My Quiet Life My Quiet Life

anti-war take two

Donald Sensing, on the anti-war movement:

With last weekend’s protest extravaganza in the nation’s capital, it is appropriate to revisit the topic. Almost three years ago I said that the “peace movement” isn’t really about peace and that the protest industry falls into two main camps. First is the “Down With America” camp populated with the sort of people George Orwell described in his essay, “Notes on Nationalism,” of May 1945. Their

“… real though unacknowledged motive appears to be hatred of western democracy and admiration for totalitarianism. Pacifist propaganda usually boils down to saying that one side is as bad as the other, but if one looks closely at the writing of the younger intellectual pacifists, one finds that they do not by any means express impartial disapproval but are directed almost entirely against Britain and the United States.”

First: nice ellipses, Don. I am currently reading Hitchens’ book on Orwell, so I noticed something missing from this quote right away. Orwell’s original quote began “There is a minority of intellectual pacificists, whose real though unacknowledged …”, which was conveniently excised from Donald’s excerpt.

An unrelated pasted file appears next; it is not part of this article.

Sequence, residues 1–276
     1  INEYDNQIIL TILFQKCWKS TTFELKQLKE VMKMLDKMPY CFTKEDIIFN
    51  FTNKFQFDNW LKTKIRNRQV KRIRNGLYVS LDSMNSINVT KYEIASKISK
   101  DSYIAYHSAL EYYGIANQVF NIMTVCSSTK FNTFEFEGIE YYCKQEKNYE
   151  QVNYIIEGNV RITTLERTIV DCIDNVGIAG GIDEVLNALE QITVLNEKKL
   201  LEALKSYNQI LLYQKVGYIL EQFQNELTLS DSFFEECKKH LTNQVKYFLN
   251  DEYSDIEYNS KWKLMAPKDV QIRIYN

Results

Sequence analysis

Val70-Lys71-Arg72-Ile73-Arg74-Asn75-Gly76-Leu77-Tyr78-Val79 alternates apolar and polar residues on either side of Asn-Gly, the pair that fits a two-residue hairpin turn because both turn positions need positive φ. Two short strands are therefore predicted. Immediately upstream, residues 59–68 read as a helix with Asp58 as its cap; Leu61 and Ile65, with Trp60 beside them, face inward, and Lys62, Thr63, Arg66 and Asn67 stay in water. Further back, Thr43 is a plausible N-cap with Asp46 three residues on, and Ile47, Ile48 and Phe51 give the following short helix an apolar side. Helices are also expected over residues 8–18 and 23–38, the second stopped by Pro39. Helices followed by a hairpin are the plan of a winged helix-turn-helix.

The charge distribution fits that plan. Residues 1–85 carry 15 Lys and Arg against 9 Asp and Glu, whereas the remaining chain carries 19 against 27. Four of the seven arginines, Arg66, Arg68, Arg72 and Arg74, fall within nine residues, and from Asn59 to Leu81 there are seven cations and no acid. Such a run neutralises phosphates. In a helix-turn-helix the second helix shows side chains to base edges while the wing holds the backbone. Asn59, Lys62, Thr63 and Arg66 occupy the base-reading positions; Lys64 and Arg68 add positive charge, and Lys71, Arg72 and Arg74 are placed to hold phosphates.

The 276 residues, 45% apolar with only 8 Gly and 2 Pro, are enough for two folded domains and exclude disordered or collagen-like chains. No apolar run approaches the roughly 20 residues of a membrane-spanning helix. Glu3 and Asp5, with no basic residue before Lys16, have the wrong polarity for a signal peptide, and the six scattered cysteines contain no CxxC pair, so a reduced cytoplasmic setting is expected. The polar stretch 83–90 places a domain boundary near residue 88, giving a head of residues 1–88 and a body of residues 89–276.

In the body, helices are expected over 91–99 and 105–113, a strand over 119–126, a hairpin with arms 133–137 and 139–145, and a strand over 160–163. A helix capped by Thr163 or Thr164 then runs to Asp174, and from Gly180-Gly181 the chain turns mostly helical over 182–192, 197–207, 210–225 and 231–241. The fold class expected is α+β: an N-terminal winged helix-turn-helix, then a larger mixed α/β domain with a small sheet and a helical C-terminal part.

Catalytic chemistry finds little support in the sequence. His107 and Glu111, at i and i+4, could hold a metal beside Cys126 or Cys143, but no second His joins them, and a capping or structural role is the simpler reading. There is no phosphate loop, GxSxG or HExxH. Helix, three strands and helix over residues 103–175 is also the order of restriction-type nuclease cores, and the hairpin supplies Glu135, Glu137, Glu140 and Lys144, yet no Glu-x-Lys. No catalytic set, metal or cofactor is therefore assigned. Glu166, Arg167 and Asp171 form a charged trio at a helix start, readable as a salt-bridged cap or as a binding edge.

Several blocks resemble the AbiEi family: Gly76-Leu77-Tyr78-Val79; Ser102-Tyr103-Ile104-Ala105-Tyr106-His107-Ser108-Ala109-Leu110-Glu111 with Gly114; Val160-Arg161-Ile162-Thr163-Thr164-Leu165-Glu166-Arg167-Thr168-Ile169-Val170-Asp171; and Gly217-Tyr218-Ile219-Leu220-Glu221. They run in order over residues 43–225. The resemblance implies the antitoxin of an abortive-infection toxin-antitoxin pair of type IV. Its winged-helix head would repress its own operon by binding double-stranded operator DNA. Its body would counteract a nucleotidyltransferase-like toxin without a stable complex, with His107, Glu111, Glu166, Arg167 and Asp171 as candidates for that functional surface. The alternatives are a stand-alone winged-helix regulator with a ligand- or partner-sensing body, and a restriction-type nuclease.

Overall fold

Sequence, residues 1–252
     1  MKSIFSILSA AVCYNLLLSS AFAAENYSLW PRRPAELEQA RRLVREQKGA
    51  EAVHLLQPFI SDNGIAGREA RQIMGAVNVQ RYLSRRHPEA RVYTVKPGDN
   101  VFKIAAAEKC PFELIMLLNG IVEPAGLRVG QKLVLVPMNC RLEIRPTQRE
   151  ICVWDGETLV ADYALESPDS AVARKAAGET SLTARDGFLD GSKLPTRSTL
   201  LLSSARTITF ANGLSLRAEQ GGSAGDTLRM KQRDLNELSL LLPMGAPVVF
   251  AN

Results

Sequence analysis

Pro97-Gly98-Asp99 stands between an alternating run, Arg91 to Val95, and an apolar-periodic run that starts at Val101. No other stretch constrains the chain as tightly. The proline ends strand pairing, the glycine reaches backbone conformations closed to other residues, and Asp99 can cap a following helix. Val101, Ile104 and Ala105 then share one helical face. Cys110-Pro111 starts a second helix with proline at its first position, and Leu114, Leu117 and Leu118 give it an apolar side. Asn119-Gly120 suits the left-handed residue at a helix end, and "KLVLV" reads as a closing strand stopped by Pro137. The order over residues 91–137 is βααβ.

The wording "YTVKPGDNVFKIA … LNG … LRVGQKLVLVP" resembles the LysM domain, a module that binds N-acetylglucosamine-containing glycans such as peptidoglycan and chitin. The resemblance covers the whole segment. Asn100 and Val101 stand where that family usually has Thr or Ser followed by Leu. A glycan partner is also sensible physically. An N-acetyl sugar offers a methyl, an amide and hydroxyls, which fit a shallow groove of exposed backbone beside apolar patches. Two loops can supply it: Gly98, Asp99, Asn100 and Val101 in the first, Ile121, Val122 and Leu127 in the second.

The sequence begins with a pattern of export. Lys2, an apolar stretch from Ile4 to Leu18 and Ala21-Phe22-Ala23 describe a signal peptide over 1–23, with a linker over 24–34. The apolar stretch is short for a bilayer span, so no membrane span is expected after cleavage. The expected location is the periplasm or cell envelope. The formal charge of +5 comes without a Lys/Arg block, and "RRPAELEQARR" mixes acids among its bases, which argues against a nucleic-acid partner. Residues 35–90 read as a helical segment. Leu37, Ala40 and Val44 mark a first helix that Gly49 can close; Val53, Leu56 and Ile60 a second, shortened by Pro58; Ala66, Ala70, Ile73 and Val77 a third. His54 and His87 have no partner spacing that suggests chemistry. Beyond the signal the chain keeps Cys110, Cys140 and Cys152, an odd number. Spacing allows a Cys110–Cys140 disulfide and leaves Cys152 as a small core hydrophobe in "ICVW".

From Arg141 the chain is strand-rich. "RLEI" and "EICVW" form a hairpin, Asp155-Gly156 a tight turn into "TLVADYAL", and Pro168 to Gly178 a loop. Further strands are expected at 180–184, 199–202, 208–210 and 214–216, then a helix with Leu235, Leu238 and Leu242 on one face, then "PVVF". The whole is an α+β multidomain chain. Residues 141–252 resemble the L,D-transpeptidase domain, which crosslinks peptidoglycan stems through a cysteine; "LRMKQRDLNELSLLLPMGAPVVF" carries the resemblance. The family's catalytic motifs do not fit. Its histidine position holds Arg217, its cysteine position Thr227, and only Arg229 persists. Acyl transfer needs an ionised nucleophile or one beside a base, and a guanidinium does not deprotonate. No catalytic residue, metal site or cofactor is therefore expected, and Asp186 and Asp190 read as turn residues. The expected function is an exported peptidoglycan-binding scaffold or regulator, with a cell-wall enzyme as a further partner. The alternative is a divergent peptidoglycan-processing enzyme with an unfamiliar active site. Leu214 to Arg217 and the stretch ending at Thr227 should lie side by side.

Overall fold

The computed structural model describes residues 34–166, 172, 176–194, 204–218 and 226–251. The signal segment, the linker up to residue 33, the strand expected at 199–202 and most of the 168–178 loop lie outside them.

Second, Orwell was talking about pacifism, not anti-war sentiment in general. So, I hardly think that Orwell’s description of a minority of two-faced pacifists is sufficient justification to claim that the peace movement doesn’t have good intentions.

Sensing ends with:

It is one thing, and necessary, to hold our elected officials accountable for what they do on our behalf. It is quite another thing to call for victory by the enemies of the United States, who would have sought our destruction whether Iraq had been invaded or not.

Who is calling for victory by the enemies of the United States? Donald, you’re tilting at windmills, man.